Gallant Captain

As Jacob was coming of age in Exeter, local Native American tribes such as the Canadian Saint Francis Indians were attacking often enough to justify garrisons and small fortresses in even the smallest towns, and there were frequent excursions to do battle with the belligerents.11 Three Jacob Smiths (father, son, grandson) were listed among the Exeter recruits for various offensive and defensive maneuvers to counteract the raids, which the colonists suspected were incited by the French or the British, whoever happened to be the greater enemy at the moment.12 Even if our Jacob did not join these expeditions, it is probable that his interest in the military had its roots here. We may also speculate that his patriotism was in part a result of his Exeter upbringing. From its earliest days as a refuge for religious dissenters, the town seemed to foster independent thinking. By the late 1700s, Exeter was a center of revolutionary ferment.13

Thus it is not surprising that along with most Sandwich residents (except for a few loyalists and some “of Quaker proclivities”), Jacob Smith signed the Association Test of April 1776, a document recommended by the Continental Congress and circulated by state assemblies to shore up patriotic sentiment. According to Georgia Drew Merrill’s 1889 History of Carroll County, it was effectively “a declaration of independence by the New Hampshire people.”14 Signers promised:

to the utmost of our power, at the risque of our lives and fortunes, with ARMS, oppose the hostile proceedings of the British fleets and armies against the United American Colonies.15
Jacob backed up his words with his gun. He served with the Continental Army in 1777 under General Gates and Captain Nathan Ambrose in the crucial battle at Saratoga, in which a British force of some 7000 was captured by colonial militias. He was discharged after General Burgoyne surrendered in November 1777.16

Apparently his military career continued extensively after his stint with Captain Ambrose. In April 1781, according to Sandwich Historical Society records, Jacob Smith, this time as a Captain, led a company of sixty-five men which was to be ready at to march to West Point at General Washington’s command.17 Then from August to November of that year, for twelve pounds a month, Jacob participated in an expedition to punish an unruly Indian tribe as the “Gallant Captain of the Rangers.”18 By 1787, he was in the state militia’s nineteenth regiment as a first major; by 1795, at the respectable age of fifty-six, he was a Lieutenant Colonel.19 Presumably the title by which he was known, “Colonel,” derived from his service in the state militia.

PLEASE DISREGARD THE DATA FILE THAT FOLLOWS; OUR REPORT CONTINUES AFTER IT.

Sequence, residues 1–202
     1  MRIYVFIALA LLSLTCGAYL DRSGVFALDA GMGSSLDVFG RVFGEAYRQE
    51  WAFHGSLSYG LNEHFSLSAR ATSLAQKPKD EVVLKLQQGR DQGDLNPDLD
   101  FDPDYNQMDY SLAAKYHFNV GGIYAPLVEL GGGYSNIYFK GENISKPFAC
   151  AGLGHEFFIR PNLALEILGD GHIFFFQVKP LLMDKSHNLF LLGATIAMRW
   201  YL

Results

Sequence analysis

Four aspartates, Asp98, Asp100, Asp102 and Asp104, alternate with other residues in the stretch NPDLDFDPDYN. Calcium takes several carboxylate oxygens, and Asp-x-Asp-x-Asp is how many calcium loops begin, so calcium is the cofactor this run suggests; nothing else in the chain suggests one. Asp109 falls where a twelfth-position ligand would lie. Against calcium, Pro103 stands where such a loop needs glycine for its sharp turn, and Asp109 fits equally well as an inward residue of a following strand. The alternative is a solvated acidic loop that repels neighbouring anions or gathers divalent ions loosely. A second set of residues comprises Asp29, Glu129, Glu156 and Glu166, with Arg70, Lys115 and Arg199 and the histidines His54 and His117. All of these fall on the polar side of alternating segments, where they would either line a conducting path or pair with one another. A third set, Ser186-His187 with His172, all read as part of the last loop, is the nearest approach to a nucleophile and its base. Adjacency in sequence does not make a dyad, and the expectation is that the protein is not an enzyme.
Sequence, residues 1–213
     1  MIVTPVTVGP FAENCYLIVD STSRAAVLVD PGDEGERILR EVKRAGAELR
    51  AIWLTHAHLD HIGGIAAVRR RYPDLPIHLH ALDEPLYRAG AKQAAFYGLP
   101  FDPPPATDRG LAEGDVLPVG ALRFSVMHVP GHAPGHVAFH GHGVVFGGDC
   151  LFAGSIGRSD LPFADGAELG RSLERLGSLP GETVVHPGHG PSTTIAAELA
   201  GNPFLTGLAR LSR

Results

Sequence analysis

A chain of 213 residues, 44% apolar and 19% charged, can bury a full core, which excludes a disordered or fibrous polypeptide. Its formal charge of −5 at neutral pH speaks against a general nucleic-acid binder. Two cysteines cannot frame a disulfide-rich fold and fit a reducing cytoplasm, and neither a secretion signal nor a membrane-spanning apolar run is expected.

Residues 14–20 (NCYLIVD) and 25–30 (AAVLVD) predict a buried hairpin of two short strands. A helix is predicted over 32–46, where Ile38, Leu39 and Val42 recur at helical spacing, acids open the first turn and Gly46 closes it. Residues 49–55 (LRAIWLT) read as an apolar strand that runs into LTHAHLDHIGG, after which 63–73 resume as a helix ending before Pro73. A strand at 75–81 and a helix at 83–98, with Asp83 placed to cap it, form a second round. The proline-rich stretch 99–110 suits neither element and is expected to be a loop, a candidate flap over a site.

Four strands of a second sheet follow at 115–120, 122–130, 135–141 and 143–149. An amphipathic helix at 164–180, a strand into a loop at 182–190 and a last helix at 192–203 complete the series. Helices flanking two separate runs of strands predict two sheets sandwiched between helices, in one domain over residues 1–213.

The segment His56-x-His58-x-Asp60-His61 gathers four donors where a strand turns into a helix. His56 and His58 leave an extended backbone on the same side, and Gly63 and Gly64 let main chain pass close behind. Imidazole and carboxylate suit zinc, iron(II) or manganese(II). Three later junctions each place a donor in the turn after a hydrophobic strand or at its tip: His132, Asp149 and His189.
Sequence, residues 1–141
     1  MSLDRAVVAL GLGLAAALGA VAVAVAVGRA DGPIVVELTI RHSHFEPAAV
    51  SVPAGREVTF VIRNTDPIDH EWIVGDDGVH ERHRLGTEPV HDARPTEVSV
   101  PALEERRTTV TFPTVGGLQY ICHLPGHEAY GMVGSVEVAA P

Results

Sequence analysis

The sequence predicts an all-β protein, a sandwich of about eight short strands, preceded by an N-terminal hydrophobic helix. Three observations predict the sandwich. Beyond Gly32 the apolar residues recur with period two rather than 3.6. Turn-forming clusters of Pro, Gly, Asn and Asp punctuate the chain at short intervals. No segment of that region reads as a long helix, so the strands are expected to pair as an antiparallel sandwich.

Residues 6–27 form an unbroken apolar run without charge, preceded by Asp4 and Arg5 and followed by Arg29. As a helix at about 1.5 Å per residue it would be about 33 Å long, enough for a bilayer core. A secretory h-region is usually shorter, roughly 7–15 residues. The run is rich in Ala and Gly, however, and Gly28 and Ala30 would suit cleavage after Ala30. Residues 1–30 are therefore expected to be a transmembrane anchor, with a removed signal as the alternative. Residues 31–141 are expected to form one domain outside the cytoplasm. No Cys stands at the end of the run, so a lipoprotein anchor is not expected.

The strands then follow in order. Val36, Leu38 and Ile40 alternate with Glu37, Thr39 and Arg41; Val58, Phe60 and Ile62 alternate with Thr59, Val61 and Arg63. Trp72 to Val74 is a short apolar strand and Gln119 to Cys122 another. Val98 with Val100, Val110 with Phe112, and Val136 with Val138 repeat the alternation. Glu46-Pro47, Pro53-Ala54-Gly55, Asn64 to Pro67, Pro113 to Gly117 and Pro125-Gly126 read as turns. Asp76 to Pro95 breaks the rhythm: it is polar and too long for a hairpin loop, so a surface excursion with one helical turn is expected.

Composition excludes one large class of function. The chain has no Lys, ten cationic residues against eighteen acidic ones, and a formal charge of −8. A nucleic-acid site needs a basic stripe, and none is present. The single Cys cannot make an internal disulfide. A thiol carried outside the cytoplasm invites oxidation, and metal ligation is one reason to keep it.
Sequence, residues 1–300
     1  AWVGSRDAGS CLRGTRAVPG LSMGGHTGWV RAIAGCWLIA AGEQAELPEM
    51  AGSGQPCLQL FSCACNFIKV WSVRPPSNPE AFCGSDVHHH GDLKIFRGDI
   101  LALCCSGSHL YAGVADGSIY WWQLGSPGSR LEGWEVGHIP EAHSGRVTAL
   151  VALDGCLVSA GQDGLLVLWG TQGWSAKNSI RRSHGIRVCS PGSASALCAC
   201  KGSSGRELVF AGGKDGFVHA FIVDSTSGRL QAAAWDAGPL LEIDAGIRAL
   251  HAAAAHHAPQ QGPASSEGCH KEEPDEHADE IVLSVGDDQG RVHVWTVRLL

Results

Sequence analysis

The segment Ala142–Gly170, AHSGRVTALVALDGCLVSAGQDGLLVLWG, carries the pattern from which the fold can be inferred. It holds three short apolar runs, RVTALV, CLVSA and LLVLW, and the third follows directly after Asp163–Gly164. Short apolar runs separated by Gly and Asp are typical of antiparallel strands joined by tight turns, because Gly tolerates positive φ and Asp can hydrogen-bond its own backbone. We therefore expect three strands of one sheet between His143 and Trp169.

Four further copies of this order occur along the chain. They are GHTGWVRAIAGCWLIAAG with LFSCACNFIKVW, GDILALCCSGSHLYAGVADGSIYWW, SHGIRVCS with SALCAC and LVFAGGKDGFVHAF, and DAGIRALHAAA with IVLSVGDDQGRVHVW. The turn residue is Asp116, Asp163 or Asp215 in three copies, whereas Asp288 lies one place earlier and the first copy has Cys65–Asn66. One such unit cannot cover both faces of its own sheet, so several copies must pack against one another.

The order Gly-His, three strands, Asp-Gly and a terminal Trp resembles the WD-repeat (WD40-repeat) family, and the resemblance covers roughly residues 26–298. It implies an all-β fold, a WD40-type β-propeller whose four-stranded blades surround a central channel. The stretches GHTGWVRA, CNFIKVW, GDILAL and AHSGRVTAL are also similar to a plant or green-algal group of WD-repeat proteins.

Citizen Farmer

Jacob Smith was also an important figure in the Sandwich community. In the 1770s and 80s he was several times a selectman and once a constable. And his geographical position was important, too. According to one report, the road from his homestead was laid out to Moultonborough in 1772.20 Later, in the early 1800s, his land would become a kind of threshold for the Sandwich Notch Road — in its day a much-traveled trade route — and the locally powerful community that grew up around it.

As he grew older, Jacob distributed some of his land to his sons. In 1795 he sold to Samuel Smith a piece of land across the Notch Road near Dinsmore Pond, which under the husbandry of Samuel’s son Colonel Lewis Smith (not to be confused with his cousin Lewis Q. Smith) became one of the most prosperous farms in Sandwich Notch.21 And in March of 1815 he left about fifty acres at the base of Mount Israel to Eliphalet “in consideration of the love regard and affection” he held for him.22 But Colonel Smith was unable to hold onto his own farm. In 1811 he was forced to mortgage it to a Dover, New Hampshire gentleman and finally sold it in 1812 to Paul Wentworth.23